Designer duo, Rimple and Harpreet Narula, will be stepping into Bollywood with critically acclaimed director Sanjay leela Bhansali's magnum opus, Padmavati. This period drama is based on life of Rani Padmavati from 13th century era in Chittor and is slated to release in November this year.

The movie features Deepika Padukone in the lead role, with Shahid Kapoor and Ranveer Singh playing important roles.

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Padmavati being your Bollywood debut, how much elated or anxious are you about this project?Is it a dream come true?

From the very first meeting, Mr Bhansali and his team, along with the lead cast, have been very warm to us. Being totally new to the ways of Bollywood, Mr Bhansali has guided us at every step of the process, be it inputs on history or actual design elements that work on screen. The entire experience has been surreal and deeply enriching as designers.

How was your experience of working with one of Bollywood's ace directors?

Working with Mr Bhansali is a fabulously inspirational experience for us as designers. He is a master of his craft, a perfectionist with a great eye for detail as we all know.The process of creating the costumes for the project was a constant evolution, a new learning experience every day.

It is interesting for us as designers how our perception of drama in clothes has also undergone a change while working on the project; how at times "less is more" given the moment in the storyline or "more is less", how various elements need to be layered for a cohesive look that is in sync with the director's vision. Mr Bhansali is a person whose vision grows every day.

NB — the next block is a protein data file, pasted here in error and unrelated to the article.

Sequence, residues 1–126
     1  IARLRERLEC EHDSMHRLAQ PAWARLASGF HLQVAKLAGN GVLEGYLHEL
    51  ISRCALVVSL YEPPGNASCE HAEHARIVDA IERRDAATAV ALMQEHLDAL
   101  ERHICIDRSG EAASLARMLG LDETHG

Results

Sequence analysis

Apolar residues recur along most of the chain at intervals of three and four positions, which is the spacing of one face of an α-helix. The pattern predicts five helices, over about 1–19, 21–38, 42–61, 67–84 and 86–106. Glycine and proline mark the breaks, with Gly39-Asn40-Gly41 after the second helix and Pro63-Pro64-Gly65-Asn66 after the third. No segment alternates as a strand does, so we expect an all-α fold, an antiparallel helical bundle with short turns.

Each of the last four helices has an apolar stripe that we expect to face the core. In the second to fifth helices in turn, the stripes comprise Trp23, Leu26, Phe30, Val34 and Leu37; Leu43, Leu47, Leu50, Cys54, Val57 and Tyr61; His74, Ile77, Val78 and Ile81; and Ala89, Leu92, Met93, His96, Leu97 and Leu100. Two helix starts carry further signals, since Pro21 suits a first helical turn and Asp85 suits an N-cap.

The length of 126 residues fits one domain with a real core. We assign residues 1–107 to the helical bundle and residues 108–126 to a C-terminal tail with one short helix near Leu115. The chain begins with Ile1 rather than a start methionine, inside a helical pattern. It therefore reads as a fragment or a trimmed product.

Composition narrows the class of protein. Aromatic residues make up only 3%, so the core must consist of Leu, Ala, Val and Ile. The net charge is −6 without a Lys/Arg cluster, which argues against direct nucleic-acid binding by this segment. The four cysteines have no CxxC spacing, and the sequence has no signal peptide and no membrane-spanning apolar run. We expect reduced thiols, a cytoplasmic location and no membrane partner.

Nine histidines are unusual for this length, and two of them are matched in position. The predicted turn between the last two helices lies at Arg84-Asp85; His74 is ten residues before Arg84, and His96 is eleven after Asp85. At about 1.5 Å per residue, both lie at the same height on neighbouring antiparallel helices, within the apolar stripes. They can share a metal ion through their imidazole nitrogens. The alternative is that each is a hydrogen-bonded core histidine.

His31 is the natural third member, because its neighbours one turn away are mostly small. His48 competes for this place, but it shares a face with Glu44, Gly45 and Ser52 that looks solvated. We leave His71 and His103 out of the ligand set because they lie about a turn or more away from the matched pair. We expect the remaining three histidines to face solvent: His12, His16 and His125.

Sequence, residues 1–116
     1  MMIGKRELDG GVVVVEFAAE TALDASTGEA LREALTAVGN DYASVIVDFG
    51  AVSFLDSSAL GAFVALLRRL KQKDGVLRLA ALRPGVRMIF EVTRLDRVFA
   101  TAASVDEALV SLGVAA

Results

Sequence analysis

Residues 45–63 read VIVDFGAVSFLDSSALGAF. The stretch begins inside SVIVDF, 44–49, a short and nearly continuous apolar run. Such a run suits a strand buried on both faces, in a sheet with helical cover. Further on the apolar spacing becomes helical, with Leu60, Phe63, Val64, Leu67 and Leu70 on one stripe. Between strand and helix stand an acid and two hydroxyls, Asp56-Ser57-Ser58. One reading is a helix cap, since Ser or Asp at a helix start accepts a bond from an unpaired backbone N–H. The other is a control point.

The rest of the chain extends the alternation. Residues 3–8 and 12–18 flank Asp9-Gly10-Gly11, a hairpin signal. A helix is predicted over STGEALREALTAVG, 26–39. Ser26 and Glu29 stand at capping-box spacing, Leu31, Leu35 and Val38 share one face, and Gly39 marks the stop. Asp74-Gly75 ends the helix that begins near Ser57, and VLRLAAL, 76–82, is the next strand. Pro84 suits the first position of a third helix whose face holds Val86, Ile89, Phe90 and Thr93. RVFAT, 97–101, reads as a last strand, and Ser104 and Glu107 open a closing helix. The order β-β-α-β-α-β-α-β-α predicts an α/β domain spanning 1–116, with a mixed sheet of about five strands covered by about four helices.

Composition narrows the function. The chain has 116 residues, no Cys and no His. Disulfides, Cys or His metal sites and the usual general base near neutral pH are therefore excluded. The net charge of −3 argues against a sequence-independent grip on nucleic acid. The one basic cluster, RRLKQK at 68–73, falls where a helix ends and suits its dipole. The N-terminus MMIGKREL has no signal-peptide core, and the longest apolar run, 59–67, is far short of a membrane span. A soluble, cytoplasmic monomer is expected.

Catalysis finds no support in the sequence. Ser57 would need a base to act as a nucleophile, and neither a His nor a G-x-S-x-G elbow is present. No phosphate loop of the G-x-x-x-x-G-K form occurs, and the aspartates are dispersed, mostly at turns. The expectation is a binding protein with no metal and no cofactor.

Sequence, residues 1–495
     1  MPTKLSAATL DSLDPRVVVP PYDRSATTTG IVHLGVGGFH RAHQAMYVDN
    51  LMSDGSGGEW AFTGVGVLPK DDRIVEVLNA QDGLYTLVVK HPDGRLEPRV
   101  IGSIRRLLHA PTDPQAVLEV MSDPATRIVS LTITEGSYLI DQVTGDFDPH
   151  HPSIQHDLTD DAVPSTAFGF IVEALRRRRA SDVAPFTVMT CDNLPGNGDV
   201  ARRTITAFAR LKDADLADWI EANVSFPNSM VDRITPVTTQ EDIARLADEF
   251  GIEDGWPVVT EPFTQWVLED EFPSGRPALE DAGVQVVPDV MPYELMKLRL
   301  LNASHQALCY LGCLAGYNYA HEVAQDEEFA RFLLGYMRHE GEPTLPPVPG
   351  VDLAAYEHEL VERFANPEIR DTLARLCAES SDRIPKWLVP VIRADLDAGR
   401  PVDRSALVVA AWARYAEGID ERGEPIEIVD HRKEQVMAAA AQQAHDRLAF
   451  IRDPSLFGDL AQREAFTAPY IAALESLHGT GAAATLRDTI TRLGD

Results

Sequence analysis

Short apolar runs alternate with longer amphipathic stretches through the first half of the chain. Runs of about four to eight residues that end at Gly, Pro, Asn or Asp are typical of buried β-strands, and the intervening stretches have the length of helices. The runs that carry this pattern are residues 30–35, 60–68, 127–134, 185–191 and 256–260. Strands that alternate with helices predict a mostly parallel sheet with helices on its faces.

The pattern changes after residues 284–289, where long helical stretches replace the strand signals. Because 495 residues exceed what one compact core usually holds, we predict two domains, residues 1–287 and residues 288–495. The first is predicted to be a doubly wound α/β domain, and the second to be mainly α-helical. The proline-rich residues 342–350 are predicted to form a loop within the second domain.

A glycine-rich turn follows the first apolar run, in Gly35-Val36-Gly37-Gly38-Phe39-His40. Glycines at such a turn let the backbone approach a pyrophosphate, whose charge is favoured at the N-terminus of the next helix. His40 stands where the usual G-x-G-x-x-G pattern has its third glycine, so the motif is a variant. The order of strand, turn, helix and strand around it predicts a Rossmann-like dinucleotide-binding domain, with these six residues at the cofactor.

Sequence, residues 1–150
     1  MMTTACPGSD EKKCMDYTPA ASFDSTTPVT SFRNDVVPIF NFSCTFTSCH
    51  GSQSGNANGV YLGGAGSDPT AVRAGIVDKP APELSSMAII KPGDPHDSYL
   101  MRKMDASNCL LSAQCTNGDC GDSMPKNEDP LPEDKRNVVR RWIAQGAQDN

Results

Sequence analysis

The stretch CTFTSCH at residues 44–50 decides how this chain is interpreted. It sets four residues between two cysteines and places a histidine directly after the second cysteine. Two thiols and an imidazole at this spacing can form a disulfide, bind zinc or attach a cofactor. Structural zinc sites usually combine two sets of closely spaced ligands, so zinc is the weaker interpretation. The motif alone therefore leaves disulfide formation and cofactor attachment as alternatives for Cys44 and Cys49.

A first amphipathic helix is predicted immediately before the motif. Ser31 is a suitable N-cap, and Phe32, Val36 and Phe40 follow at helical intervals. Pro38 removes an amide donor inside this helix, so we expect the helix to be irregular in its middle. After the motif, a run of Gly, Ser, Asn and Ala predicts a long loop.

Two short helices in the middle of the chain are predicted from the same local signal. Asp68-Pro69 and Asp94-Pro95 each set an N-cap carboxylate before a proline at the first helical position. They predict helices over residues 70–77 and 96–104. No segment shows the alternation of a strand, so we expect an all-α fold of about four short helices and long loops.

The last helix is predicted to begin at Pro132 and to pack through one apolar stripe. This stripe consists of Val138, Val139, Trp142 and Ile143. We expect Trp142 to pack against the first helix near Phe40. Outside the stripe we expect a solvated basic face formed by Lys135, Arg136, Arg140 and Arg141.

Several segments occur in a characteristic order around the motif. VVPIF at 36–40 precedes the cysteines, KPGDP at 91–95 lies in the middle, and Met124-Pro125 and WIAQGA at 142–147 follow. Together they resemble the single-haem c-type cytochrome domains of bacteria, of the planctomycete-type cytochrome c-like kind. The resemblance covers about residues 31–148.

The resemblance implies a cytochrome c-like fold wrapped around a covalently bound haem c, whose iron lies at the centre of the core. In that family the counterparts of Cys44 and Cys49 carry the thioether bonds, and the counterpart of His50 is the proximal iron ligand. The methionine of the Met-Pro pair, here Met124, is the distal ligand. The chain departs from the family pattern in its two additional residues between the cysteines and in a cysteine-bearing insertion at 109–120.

It is fascinating how the characters he envisions become real people who we interact with every day on the sets. Besides showcasing our creations on three of the finest muses a designer can have, we have understood that he does not want mere clothes but clothes that speak a language, express the character's nuances and bring out the emotional journeys these characters undertake as they make their way through the narrative.

How were you roped in for this magnum opus? Tell us about your experience of the selection process.

Our collections have always been researchbased, digging into the vast archive that is found in our cultural and textile heritage and reinterpreting centuries-old techniques.

In fact, our last two collections ~ The Eternal Wanderlust was based on the nomadic tribes and drifters of the North West Frontier Province while Maharadjah and Co was based on the erstwhile Indian rulers of the Raj-era ~ along with our other past work with various royal families is what most probably caught Mr Bhansali's eye as his latest venture deals with royalties of 13th century India and he saw in us the potential to create looks imbibing the essence of history, travel and royalty.

We got a call from his office for an initial meeting and instead of taking our existing work we did some research on Rani Padmawati and pulled out various old textiles from our personal collection, which we thought would make interesting points of reference. The whole meeting went off quite well with some impromptu look tests using those textiles we did with Mr Bhansali and during the course of the meeting it became apparent that we were in sync with his vision and what he was looking for in terms of costumes.

How challenging was it to work with Bhansali?